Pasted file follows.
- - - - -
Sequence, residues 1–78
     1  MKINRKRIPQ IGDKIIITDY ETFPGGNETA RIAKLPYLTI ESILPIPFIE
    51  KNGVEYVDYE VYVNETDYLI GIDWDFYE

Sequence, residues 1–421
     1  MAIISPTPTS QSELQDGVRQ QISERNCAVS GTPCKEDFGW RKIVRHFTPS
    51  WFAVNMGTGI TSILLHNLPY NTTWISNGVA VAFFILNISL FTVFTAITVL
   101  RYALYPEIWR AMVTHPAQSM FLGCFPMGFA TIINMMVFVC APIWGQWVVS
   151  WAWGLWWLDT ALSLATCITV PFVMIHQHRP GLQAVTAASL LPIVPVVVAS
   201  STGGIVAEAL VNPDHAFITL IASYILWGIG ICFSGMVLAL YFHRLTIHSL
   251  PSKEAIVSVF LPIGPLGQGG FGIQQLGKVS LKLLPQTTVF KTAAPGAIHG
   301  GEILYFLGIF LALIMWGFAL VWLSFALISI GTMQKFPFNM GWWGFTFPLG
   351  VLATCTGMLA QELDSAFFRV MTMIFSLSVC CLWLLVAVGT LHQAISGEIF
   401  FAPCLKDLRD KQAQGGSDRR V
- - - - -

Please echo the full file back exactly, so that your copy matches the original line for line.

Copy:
Sequence, residues 1–78
     1  MKINRKRIPQ IGDKIIITDY ETFPGGNETA RIAKLPYLTI ESILPIPFIE
    51  KNGVEYVDYE VYVNETDYLI GIDWDFYE

Sequence, residues 1–421
     1  MAIISPTPTS QSELQDGVRQ QISERNCAVS GTPCKEDFGW RKIVRHFTPS
    51  WFAVNMGTGI TSILLHNLPY NTTWISNGVA VAFFILNISL FTVFTAITVL
   101  RYALYPEIWR AMVTHPAQSM FLGCFPMGFA TIINMMVFVC APIWGQWVVS
   151  WAWGLWWLDT ALSLATCITV PFVMIHQHRP GLQAVTAASL LPIVPVVVAS
   201  STGGIVAEAL VNPDHAFITL IASYILWGIG ICFSGMVLAL YFHRLTIHSL
   251  PSKEAIVSVF LPIGPLGQGG FGIQQLGKVS LKLLPQTTVF KTAAPGAIHG
   301  GEILYFLGIF LALIMWGFAL VWLSFALISI GTMQKFPFNM GWWGFTFPLG
   351  VLATCTGMLA QELDSAFFRV MTMIFSLSVC CLWLLVAVGT LHQAISGEIF
   401  FAPCLKDLRD KQAQGGSDRR V